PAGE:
All these helped to fill the gaps in my education left by years of university study of “literature.” I realized that poetry originates in ritual and chant, but I only gradually found ways of bringing my own work back to that wellspring of energy. My first visual poem, “l’arrivée,” was a response to meeting a newborn in early ’74, and gradually, after reading about Schwitters, I noticed it was possible to “read,” that is, to chant that poem. So “l’arrivée” became my first sound poem too, and I performed it for the first time in Banff that August.

Several other attempts followed, but I was still working primarily in a publishing, not a performance, milieu. Though Richter’s book introduced me to Schwitters, I was more directly influenced to do new work at that time by Hans Arp’s and Max Ernst’s collaborations with the laws of chance and with the inherent formal principles in natural forces. I conceived of a series of new-genre explorations called “A Century of Inventions,” whose first four “decades” were Signs, Sounds, Chances, and Changes. But the visual pieces (“Signs”) were the only ones that readily got published; the decade of “Sounds” was ill-defined and poorly executed.

Unaccountably, although bpNichol later told me Kurt Schwitters was an early influence on him, my acquaintance with contemporary sound poetry didn’t, in the 70s, lead me back to Schwitters or any of the other pioneers of the genre. Only when I began working with the intermedia group First Draft in the 80s did I understand the importance of that early work by Schwitters. In his 1920 essay “Merz” and elsewhere, Schwitters set forth a program for gesamtkunstwerk, a fusion of all the arts, that sounds uncannily like the marriage of poetry, music, movement and visual art that First Draft was striving for and, a few times, seemed to achieve. I now think this an impractical goal but, as a goal, it has brought about interesting work from many quarters.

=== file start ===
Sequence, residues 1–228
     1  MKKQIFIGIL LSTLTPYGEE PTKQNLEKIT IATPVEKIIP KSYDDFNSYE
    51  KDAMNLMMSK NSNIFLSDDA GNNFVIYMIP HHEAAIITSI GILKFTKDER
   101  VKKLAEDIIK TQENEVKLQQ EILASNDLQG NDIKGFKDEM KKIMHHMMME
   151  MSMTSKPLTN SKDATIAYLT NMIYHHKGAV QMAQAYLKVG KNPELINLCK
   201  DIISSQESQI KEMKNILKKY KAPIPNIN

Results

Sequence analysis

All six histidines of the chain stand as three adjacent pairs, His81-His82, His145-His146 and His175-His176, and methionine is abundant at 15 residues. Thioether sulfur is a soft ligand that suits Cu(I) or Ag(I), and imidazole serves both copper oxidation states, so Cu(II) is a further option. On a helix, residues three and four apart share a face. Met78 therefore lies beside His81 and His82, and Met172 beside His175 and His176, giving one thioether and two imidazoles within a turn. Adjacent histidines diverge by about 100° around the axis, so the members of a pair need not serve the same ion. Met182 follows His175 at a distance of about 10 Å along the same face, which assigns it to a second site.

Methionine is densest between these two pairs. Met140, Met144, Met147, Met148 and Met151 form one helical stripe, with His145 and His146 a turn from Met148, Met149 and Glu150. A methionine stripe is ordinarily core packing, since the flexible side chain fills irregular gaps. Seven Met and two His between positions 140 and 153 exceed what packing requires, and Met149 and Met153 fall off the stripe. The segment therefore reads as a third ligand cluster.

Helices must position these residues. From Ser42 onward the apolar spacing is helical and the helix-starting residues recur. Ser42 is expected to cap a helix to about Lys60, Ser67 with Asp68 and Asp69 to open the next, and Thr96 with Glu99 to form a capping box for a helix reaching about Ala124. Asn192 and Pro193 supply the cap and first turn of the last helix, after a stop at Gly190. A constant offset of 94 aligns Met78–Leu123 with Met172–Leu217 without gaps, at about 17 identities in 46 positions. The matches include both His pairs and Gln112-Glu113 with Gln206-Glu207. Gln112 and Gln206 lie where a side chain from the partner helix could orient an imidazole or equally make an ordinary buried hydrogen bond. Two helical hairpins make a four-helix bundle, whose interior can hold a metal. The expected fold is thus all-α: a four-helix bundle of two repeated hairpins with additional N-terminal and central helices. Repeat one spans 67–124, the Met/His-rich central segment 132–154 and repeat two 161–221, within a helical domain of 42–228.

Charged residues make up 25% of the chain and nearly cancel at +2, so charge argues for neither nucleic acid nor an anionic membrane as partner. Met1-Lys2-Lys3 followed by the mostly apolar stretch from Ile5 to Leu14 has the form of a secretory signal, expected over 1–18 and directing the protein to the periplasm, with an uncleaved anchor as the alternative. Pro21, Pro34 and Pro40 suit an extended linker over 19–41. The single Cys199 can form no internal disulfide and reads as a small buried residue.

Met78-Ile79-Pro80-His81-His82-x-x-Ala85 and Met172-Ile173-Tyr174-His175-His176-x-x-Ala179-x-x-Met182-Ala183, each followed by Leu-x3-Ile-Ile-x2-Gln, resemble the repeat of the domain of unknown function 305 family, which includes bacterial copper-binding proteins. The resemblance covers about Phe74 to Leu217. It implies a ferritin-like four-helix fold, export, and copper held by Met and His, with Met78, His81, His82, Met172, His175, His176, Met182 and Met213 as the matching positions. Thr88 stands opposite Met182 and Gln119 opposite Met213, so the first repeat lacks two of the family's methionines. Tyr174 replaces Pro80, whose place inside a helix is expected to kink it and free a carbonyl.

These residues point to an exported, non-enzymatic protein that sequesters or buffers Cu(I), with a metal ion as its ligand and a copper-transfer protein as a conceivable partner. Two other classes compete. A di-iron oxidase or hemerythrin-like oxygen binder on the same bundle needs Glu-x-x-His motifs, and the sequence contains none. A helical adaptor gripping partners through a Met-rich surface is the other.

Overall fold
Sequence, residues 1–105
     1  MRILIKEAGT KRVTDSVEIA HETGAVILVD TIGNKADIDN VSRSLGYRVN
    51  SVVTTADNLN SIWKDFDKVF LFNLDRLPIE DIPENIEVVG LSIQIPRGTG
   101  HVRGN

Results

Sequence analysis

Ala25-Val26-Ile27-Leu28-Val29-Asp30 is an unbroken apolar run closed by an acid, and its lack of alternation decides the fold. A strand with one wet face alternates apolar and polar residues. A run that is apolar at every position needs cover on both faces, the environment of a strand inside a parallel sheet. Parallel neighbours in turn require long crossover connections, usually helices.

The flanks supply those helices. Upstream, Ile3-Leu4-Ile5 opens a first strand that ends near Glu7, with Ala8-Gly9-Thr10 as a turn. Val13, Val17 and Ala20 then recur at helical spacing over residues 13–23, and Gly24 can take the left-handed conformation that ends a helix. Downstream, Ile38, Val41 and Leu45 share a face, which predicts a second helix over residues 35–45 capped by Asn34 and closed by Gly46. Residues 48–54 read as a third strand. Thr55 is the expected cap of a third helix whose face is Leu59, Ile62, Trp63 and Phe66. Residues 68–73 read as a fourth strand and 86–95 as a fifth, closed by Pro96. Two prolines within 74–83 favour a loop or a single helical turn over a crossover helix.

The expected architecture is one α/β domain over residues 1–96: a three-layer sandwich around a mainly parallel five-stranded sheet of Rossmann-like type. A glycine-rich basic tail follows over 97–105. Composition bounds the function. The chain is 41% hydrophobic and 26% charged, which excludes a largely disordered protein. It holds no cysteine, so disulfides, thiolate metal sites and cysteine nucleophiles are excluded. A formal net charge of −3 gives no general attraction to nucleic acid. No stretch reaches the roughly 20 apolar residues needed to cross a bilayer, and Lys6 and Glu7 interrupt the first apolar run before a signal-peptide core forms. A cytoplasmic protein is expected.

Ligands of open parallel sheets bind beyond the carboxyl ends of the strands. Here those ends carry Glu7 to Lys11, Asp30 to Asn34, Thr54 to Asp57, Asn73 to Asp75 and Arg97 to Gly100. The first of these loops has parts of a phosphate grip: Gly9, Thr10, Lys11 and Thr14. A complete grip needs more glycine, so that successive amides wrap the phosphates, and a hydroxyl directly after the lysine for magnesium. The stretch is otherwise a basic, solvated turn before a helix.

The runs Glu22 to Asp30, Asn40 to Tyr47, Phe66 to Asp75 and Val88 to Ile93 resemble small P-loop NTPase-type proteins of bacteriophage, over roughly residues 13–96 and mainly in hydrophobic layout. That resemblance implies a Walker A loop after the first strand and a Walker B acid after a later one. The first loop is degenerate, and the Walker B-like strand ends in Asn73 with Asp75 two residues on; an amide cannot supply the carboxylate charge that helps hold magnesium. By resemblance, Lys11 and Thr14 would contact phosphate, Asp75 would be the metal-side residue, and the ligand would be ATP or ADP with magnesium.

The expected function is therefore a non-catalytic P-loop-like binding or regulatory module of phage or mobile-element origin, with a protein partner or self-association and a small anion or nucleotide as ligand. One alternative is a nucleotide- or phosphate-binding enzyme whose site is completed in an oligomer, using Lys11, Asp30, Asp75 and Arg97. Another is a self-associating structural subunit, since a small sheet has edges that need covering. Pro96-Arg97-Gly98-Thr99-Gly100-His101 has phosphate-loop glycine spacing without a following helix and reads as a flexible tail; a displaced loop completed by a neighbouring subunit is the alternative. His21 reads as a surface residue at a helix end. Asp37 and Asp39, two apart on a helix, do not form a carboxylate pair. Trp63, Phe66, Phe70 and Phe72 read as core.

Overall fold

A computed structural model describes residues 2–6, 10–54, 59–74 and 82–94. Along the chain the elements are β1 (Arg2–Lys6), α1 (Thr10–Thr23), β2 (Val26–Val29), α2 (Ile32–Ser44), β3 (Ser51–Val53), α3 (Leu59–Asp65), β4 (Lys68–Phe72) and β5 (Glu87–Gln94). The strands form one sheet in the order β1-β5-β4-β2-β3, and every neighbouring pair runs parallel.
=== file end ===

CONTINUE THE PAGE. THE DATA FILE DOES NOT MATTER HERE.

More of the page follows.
Not a sound-poetry group, First Draft created, among other works, what we called “wordmusic” through the collaboration of poet Susan McMaster and/or myself with composer Andrew McClure. Our compositions included musical parts for soprano, flute ’cello, chimes, even glass harmonica. At times, they incorporated visual art, costumes, movement, and stage lighting. But in their purest form they were musical works for speakers and spoken-voice choruses. Ultimately, calling our more elaborately staged performances “wordmusic theatre,” we employed professional actors under theatrical direction.

In mid-1984, exactly ten years after filing away the image of Kurt Schwitters howling his way down a street of undiscovered art treasures, I took down Richter’s Dada: Art and Anti-Art again, for at least two reasons: 1) because I had often heard First Draft called a sound-poetry group, and I wanted to see what similarity, if any, there was between our work and that of Hugo Ball and his followers; and 2) I thought writing about Schwitters could give me a framework within which different kinds of writing and performance could co-exist. Sound poetry, visual work — art, poetry, performance — dramatic scenes, the kind of multi-voice pieces First Draft performed, even straight lyric and narrative poems: all could find a place in a book or a performance that spun on the axis of Kurt Schwitters.

We all create our own precursors. After performing wordmusic, what better precursor could I claim than the composer of the “Sonata for Primitive Sounds” (ur-sonate)? His life, after all, was mythic: it spanned the formative period of our world and touched the savage heart of twentieth-century history, the only myth everybody knows any more. Also, his life reflected those themes of exile and separation that, like it or not, are my themes, but with an absurdist humour and optimism. From the start, he was tearing apart newspapers, machines, language itself to make art. When history took his life and tore it apart, he made art with it. Right up to the end, he was beginning again. What novelist could resist that story? What sound poet would deprive himself of such a context for presenting his work?